This was my first trip to Aiken in the summer, and it was just as beautiful as it was in Winter and Spring. I can't wait to experience more seasons in Aiken, there is so much to see and do!

**There was also apparently an eclipse during all this which we mostly missed because we were driving home**

Friday, August 11, 2017


It took me long enough to figure out what the heck the #ROOTD hashtag meant (riding outfit of the day). I don't really ride often enough to do these but I certainly do have some pretty awesome FARM outfits of the day so without further ado, the #FOOTD post:

1. Morning chores
I do morning chores right before work so I have no pictorial evidence of this outfit, because lets be honest I was running late. Usually for morning chores I am wearing some version of my company polo shirt (color options: navy, navy, or faded navy) khakis that probably (definitely) have manure stains on them and my muck boots. After feeding horses this outfit also involves additional mud/hay.

2. Afternoon chores
Afternoon chores usually involve some type of weedwhacking/mowing/habitat destruction so I need to outfit myself accordingly. This often means jeans that have more holes than jeans (or cargo shorts to work on my awesome tan lines), a T-shirt in some shade of construction worker neon (why do I have so many of is unclear), and safety glasses. I also wear my muck boots. Always the muck boots...
If I am going swimming right after afternoon chores I may also wear my bathing suit under this mess. I probably left my sandals in the house and will be wearing my muck boots over by the pool. The tan lines from this are amazing.

3. Actually riding
I own some real riding pants and hate most of them. American Eagle jeggings seem to be an ok substitute. I also wear my Ariat half chaps and paddock boots that I got at a mega-clearance sale like 7 years ago...I think I probably still own tall boots but I forget where they are and I hated those too. The helmet is the super hot non-ventilated Charles Owen (ie the cheapest one) and this striped shirt/jacket is from Joules...I think my parents got it for my when I was in highschool.
I do have some sweet ear bonnets for the horses though, so there's that. 

4. That one time I went to a show 
I went to a local show one time.
This was the last time I wore those damn tall boots. Also some random pair of tan breeches in super-gross ribbed polyester that I dug out of the bottom of one of my drawers. This is a coat from my foxhunting days (very wool, very hot). I'm probably definitely not wearing a long sleeved shirt under it. I can't tie a stock ties so I'm wearing a pre-tied one which idk if that's even a thing for this type of show. The judges probably didn't notice because they were too distracted by my horses' shaved off mane (which I did because I didn't want to braid).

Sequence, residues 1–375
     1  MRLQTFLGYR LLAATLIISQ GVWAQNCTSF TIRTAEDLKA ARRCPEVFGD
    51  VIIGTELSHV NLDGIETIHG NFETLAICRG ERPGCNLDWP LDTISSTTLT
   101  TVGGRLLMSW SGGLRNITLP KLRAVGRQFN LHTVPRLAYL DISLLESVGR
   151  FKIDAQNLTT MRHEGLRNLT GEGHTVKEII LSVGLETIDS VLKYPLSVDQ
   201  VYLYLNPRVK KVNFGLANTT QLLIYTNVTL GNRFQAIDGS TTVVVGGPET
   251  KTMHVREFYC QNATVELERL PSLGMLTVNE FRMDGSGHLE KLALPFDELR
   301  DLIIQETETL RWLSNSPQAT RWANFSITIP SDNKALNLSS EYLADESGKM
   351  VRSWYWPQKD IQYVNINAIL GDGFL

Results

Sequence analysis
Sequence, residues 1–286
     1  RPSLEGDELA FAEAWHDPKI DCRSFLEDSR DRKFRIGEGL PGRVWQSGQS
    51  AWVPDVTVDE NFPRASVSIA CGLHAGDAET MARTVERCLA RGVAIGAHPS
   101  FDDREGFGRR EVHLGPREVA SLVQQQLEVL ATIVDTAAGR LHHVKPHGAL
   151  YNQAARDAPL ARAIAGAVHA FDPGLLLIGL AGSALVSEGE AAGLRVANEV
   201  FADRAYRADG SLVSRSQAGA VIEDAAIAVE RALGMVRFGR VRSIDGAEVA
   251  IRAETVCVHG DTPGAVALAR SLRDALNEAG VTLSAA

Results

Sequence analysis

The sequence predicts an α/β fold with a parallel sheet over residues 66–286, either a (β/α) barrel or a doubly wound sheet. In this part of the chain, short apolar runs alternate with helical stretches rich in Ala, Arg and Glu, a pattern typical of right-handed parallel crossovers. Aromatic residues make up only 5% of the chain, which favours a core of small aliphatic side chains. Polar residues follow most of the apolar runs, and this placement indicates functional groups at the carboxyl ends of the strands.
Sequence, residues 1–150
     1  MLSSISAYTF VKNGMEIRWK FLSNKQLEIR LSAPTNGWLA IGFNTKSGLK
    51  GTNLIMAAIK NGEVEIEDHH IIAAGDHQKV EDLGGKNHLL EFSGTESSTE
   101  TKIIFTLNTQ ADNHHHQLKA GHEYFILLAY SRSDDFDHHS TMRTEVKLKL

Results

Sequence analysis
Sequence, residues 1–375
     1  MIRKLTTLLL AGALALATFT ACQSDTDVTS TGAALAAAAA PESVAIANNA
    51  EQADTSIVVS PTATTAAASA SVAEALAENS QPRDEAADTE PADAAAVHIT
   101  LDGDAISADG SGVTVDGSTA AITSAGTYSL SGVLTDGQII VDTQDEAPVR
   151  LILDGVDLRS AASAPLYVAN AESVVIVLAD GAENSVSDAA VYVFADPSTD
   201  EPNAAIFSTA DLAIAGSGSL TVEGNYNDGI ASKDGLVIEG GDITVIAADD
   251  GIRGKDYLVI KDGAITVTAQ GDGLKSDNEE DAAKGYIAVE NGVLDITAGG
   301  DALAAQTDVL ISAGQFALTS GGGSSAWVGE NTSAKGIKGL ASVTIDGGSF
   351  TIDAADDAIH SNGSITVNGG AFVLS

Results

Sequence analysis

Tuesday, August 1, 2017

My favorite love story

I was 23 when I met John for the first time, it was spring. I saw him from a distance at a carriage drive. I admired his poise and how comfortable he seemed with horses and people. I think we talked a little and parted ways. That January I found out from the person I worked for that John wanted to ask me something, John had cows at the time and I was working on my degree in dairy science, I figured he had a question about cows.

I made a bet with my employer, if John asked me out I would ride his horses for free that week. I lost the bet and rode for free.
We went on our first date, I was so nervous I stared at the floor and played with the ice in my drink the whole time.
After spending almost a year together, I moved to Tennessee and we drove back and forth every month to see each other.
He took me to the Biltmore estate and got down on one knee to ask me "a question about cows" "would I marry him" and I said yes.
 John and I moved to the most beautiful farm where we worked off our rent, he bought me a horse and we rode in the mountains. He worked as a mechanic and I finished my master's degree and found a job in Pennsylvania.

John bought a farm in York county, PA with a stone house and we moved back north. He reclaimed a horse farm out of 11 acres of overgrowth that hadn't seen animals in over 20 years essentially by himself.

John started and continues to grow his own business near our home. We still go riding on the weekends.
We stand on the porch of our house and watch the fireflies on summer nights. And I think to myself how lucky I am that my favorite love story is my own.

Friday, July 14, 2017

2017: A Pool Odyssey

We have a pool again. I mean, we had one before but it hasn't been open in three years, here's the deal:
Pool with cover...old picture, most of these trees are gone
The pool came with our house and was open when we moved in three years ago, I had no clue how to deal with it and there was a leak in a pipe underground so it would not hold water when the pump was running. The filter also clogged constantly and never worked right (I thought this was my wasn't more on that later). After that first summer of struggling with it we decided not to open the pool again. Then John and I met Terry who knows how to fix pretty much anything...including pools. So begins the pool odyssey.
Almost ready to use